Kansas State University: Boundary Object

Project Description

Material systems play a critical role throughout our design process and informs our thinking as we make places. Buildings and spaces need to become a heightened journey of varying tactile experiences.

Project Details

  • Client Kansas State University
  • Completed 2012

Material systems play a critical role throughout our design process and informs our thinking as we make places. Buildings and spaces need to become a heightened journey of varying tactile experiences. Our goal is to make spaces that are human-centered and play on all the senses. We choose to deploy honest and authentic materials harvested from the place in which the building will be rooted. Moreover, it is essential to conceive a building which strives to achieve a lasting aesthetic and resonates…

Material systems play a critical role throughout our design process and informs our thinking as we make places. Buildings and spaces need to become a heightened journey of varying tactile experiences. Our goal is to make spaces that are human-centered and play on all the senses. We choose to deploy honest and authentic materials harvested from the place in which the building will be rooted. Moreover, it is essential to conceive a building which strives to achieve a lasting aesthetic and resonates with its place.

Several years ago, our team interviewed for Kansas State University College of Architecture Planning and Design. The interview was spirited and passionate and centered on a tactile object. This object is fabricated from Bayer Limestone quarried in St. Mary’s Kansas and Hedge wood harvested from the Kansas landscape.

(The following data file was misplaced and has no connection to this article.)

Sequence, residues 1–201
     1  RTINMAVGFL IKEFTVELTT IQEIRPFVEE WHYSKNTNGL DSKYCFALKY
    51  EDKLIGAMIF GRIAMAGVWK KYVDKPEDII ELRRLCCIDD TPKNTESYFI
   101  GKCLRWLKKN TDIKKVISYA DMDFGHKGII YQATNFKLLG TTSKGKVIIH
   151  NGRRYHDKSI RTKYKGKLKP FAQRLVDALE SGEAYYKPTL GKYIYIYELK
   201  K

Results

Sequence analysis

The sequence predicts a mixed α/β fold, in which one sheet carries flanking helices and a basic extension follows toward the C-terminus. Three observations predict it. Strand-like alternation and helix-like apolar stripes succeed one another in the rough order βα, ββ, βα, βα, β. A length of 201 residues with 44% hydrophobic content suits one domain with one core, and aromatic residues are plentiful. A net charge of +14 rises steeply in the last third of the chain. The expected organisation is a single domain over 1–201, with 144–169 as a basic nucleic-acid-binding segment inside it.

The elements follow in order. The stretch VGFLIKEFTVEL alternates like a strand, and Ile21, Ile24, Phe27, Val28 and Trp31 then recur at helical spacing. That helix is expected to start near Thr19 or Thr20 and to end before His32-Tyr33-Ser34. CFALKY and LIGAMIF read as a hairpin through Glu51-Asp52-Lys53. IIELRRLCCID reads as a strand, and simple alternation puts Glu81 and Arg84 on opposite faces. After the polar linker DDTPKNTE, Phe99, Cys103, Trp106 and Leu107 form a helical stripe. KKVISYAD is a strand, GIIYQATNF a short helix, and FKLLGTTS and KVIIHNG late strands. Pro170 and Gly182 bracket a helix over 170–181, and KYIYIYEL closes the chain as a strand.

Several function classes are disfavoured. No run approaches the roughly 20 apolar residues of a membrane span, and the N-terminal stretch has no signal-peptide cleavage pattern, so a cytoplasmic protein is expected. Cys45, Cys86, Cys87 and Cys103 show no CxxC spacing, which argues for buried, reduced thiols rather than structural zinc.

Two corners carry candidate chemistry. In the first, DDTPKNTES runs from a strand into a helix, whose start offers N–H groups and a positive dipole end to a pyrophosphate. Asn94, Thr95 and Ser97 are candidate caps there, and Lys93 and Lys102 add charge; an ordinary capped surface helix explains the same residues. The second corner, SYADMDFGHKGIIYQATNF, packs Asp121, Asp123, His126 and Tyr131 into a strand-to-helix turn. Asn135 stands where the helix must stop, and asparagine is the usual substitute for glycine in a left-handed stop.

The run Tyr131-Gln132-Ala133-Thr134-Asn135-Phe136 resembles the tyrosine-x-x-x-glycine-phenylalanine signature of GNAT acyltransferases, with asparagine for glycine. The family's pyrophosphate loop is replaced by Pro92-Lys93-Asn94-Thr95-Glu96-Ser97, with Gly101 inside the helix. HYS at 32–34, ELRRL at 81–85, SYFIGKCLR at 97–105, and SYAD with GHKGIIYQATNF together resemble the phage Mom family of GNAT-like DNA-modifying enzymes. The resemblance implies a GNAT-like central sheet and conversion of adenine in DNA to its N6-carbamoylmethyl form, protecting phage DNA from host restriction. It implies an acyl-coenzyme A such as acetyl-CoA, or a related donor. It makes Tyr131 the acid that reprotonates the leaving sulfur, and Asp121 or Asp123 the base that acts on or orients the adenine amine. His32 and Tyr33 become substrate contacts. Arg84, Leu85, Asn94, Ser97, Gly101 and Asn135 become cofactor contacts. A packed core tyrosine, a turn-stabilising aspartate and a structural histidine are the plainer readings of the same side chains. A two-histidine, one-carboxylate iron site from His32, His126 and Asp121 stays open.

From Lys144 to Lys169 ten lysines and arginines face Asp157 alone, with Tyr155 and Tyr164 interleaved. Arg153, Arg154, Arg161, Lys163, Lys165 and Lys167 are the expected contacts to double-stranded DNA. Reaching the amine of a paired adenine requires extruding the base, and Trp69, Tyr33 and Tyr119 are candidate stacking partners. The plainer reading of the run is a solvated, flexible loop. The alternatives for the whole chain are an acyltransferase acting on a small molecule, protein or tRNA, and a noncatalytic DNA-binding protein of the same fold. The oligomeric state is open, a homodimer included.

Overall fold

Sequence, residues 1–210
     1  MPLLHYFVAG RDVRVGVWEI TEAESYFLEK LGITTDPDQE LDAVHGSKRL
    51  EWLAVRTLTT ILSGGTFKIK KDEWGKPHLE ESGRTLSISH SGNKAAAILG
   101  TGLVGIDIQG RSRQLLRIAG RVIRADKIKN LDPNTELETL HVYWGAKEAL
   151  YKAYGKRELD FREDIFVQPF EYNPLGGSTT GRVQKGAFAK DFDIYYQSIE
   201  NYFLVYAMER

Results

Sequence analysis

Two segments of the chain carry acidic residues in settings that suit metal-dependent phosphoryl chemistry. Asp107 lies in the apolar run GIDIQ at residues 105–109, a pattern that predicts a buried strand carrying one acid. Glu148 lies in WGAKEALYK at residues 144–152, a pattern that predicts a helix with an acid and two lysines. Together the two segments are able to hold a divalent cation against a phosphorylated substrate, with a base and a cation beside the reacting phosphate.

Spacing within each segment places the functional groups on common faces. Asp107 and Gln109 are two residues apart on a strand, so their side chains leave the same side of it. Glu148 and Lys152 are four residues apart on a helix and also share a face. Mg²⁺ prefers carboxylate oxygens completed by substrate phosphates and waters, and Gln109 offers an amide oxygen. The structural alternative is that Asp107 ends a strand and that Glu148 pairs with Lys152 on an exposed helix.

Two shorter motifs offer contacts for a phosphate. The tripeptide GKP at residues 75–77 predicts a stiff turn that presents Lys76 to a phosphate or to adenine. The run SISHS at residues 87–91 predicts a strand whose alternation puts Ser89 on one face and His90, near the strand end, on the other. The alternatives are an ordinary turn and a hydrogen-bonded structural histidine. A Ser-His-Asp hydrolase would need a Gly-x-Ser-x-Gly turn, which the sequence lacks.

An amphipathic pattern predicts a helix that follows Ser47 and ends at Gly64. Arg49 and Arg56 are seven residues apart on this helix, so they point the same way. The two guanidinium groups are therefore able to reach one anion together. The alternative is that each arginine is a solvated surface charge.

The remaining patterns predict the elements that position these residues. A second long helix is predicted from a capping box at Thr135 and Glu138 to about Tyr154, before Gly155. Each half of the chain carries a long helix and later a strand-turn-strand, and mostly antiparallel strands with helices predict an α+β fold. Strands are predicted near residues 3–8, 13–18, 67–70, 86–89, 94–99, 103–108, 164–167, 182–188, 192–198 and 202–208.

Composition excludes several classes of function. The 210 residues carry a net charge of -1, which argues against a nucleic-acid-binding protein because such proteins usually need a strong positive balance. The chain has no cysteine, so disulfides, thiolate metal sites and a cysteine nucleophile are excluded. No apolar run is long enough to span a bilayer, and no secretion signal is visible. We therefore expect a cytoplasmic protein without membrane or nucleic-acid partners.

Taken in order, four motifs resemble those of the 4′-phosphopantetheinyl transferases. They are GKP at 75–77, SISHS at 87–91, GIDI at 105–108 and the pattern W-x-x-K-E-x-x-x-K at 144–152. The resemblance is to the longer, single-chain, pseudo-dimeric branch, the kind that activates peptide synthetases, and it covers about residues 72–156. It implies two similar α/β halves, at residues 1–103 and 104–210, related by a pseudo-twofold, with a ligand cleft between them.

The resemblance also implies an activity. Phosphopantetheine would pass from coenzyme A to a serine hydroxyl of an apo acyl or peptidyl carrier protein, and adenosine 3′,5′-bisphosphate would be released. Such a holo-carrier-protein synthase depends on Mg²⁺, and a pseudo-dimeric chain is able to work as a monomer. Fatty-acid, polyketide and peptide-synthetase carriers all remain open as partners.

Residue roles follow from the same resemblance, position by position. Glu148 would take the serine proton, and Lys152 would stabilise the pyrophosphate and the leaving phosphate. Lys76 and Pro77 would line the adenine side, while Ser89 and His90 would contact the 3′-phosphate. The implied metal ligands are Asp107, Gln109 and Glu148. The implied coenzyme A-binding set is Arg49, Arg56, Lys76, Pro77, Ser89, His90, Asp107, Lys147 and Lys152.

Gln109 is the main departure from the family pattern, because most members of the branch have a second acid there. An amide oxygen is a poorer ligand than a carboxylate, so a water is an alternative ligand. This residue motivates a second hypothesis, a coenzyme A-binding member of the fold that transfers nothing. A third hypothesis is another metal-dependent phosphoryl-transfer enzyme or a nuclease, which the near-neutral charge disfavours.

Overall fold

Complimentary yet contradictory, these materials offer unique properties that can only be discovered when making the object. The Hedge Tree, a very dense and rot resistant wood is considered the natural fence post that defined the Kansas landscape. The tree’s form and properties were influenced by the natural forces of the Midwest and grew out of the soils of the prairie. The density of the hedge made shaping, cutting and finishing the wood extremely difficult. In spite of that difficulty, the final outcome yielded a glowing rich amber and striking grain patterns.

Contrast that with limestone, sedimentary layers of earth compressed by the forces of nature for hundreds of years. The stone is surprisingly soft and easily shaped. We are intrigued by the varying colors, finishes and textures it could yield. Carefully married with a steel and copper mortise and tenon joint, the two manicured raw materials compliment beautifully as one cohesive object.

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